Age distributions in construction also vary by employment type. Wage-and-salary workers were on average seven years younger than self-employed workers, with average ages of 41 years and 48 years, respectively. Over one quarter (27.3%) of wage-and-salary workers were at least 50 years old, whereas close to half (46.5%) of self-employed workers were in the same age range (chart 14c). Among wage-and-salary workers, those who worked in private companies were younger, with an average age of 40 years, compared to 46 years for government employees.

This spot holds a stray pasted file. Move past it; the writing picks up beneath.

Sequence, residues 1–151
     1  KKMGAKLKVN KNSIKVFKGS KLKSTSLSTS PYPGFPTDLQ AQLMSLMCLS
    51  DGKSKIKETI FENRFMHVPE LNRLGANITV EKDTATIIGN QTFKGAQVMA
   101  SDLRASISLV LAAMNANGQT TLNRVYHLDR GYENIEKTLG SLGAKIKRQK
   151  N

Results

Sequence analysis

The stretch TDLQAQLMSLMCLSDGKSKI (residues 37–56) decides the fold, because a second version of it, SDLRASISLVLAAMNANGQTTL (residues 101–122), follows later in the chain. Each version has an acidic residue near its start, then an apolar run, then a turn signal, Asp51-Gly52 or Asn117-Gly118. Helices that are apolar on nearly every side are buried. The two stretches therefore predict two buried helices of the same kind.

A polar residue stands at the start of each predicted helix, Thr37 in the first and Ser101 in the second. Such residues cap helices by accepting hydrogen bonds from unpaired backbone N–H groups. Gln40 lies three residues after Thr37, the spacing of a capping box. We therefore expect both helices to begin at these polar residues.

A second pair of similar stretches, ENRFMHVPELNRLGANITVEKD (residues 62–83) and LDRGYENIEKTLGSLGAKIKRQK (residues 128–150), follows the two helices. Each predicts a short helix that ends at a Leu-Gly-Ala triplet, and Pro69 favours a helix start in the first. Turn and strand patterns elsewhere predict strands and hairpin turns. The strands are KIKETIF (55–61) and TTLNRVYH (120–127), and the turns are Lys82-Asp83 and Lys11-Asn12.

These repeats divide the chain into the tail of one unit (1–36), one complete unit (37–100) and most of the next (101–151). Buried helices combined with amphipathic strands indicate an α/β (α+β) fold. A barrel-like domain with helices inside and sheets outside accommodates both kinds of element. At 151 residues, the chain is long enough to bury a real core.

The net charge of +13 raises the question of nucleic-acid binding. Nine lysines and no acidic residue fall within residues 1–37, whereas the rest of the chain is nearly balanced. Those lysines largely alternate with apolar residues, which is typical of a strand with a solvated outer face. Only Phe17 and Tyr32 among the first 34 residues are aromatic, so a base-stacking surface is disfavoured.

In 2015, about one in five construction workers were 55 years or older (20.5%; chart 14d). The proportion of construction workers in that age group primarily reflects differences in the physical demands of construction jobs. Nearly one-third of managerial workers were aged 55 or older. Among production occupations, operating engineers had the largest proportion (26.0%) of workers aged 55 and older, followed by foremen (24.6%), truck drivers (24.4%), and ironworkers (23.0%). Except for a handful of occupations (e.g., drywall installers, roofers), most construction jobs are likely to be impacted by the aging workforce in the near future. The bump in baby boomers will result in increased retirements, and skilled workers will be in high demand to replace them. It is expected that the need for occupational training and safety and health training for new workers will increase in construction in the next decade (see pages 30 and 31).